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Jensen, Merrill (ed.) / Ratification of the Constitution by the states: Delaware, New Jersey, Georgia, Connecticut
(1978)

B. Commentaries on the convention, 10 January-10 March,   pp. 568-593


Page 571

VII:B. COMMENTARIES ON CONVENTION57
If a constitution is not to be established unless it is impossible
to abuse the powers given to the destruction of the community, I will
venture to assert that no government can ever be established-for the
delegation of powers is necessary to the being of society, and it is
impossible so to guard them that they may not be abused for a time.
An assembly of a state, the officers of a county or town or of any
smaller community may betray the confidence reposed in them; and
it is impossible to grant such powers as are necessary to do us good
without granting such as may do us evil. Our security must rest in our
frequently -recurring back to the people, the fountain of all power,
by our elections. The contrary opinion appears to involve a suspicion
that a man becomes a villain the moment he is entrusted with power.
If this [is] so, in the extent the objection supposes, it concludes against
the propriety of establishing any government in any possible case.
But it is said the representation is too small. This is matter of
opinion on which men will differ. If we look forward half a century,
we shall probably see a representation as large as will be found
necessary or convenient; and when we find so great a difficul~ty in
keeping up that number under the present Confederation, it is not
likely we shall think the proposed numbers too few, at present.
It is also objected that by law Congress may alter the time, place, and
manner of choosing Representatives and they may so abuse this power
as to destroy the free election of the states. It appears to me proper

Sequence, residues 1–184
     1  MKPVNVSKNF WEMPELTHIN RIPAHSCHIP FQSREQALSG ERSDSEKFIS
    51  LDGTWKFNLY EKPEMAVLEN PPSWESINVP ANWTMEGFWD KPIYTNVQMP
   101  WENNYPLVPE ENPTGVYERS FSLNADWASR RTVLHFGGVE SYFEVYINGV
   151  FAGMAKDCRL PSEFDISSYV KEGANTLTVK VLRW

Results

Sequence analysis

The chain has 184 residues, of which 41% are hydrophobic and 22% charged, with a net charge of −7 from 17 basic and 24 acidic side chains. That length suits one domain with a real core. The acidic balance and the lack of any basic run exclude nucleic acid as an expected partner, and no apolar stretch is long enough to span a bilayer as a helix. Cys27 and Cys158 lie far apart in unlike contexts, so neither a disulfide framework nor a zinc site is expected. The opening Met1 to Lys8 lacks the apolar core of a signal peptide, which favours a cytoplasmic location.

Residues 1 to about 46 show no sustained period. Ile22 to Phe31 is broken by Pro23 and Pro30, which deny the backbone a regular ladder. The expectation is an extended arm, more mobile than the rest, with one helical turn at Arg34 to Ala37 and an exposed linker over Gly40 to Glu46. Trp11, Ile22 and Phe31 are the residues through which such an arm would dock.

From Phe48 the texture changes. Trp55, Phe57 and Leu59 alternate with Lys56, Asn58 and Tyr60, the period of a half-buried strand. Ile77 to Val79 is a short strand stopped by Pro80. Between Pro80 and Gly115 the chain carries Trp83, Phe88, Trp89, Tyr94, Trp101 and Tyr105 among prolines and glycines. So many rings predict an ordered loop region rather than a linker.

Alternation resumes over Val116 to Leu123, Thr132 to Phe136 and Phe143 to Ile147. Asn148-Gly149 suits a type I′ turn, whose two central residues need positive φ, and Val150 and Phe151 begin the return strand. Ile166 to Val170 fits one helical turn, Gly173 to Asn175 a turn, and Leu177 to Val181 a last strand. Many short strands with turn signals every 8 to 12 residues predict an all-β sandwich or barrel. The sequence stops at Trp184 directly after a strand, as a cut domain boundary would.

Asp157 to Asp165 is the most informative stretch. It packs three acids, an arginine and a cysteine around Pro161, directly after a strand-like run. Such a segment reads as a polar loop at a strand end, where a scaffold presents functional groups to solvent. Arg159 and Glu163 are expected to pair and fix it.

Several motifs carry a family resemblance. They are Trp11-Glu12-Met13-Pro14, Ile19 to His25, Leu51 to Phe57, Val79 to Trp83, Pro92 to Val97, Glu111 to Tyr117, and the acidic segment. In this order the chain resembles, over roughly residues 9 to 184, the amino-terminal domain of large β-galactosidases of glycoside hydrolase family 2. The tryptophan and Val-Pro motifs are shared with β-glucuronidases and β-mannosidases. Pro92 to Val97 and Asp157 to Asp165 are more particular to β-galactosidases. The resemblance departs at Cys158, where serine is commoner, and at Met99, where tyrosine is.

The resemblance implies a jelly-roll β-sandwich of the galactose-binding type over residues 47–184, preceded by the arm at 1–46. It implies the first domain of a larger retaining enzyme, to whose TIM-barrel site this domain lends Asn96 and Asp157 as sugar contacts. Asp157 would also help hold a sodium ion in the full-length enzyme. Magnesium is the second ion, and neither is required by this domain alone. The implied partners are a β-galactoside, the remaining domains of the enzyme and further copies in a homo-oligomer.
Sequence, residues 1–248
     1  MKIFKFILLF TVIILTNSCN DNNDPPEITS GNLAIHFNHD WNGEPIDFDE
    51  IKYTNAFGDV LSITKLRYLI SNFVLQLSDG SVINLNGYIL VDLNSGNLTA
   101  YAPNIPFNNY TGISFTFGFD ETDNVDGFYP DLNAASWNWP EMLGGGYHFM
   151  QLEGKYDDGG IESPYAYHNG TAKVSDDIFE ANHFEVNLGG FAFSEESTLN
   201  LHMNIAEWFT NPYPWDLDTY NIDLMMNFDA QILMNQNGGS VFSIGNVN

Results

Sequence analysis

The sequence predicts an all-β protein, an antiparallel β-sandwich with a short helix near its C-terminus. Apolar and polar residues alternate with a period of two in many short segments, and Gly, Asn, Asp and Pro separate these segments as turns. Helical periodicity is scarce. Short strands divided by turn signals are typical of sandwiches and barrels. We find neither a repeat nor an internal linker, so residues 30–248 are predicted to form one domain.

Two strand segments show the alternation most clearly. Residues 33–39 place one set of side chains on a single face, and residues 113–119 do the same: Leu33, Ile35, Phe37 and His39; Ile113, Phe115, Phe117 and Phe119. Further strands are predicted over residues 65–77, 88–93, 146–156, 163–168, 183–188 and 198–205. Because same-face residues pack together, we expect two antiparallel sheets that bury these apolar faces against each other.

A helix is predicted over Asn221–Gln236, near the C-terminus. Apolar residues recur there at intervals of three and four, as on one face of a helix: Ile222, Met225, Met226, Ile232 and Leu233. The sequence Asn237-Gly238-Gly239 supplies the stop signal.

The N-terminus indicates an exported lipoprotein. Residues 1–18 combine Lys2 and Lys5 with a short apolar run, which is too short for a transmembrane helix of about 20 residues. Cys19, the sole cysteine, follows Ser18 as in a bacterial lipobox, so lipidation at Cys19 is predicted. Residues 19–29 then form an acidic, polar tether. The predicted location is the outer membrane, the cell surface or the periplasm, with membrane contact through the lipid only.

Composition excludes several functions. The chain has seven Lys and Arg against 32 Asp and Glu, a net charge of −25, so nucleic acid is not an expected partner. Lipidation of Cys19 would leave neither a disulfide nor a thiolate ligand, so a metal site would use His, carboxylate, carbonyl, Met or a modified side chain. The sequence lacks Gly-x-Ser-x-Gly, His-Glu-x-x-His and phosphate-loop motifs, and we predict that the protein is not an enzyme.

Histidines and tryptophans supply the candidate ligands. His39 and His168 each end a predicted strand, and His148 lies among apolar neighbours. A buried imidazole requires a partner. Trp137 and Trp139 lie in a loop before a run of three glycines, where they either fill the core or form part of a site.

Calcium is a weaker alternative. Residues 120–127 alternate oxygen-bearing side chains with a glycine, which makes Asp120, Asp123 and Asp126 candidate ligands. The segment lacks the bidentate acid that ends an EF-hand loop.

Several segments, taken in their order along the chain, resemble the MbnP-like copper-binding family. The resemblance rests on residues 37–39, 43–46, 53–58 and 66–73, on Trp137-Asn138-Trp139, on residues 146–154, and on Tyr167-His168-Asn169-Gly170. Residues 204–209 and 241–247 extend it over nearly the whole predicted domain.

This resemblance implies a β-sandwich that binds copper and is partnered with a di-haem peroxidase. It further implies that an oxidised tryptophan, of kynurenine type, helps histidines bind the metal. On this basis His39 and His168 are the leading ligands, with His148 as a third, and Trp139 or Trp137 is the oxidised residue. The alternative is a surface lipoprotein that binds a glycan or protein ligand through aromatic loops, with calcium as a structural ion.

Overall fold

that Congress should determine the time. Our different legislatures
have on this subject gone into different practices. It is necessary all
elections should be in season to attend the federal legislature and ex-
pedient, at least, they should be in one day throughout the Union.
This can only be done by the national authority. It may be so that
the present places of holding elections will be impossible for the
electors to be convened at; witness South Carolina and Georgia in the
late war, and, even after this Constitution shall be ratified, it 'may
happe n that some one of the states in the Union may neglect or refuse
to make any law by which the electors may be convened. A variety
of other cases may occur in which it will be proper for Congress, by
their acts, to enable the electors to exercise their undoubted privi-
leges-and, when our own experience has so often convinced us of the
necessity of frequent changes in the manner of elections to prevent
corruption, who can wish the manner to be unalterably fixed? The
qualifications of electors is exclusively with the states and there it ought
forever to rest.
As to the executive powers, some appear to apprehend danger; but,
when the President is created by the people, when he so often falls
back to the state of a private citizen, when he [has] no possibility of
571


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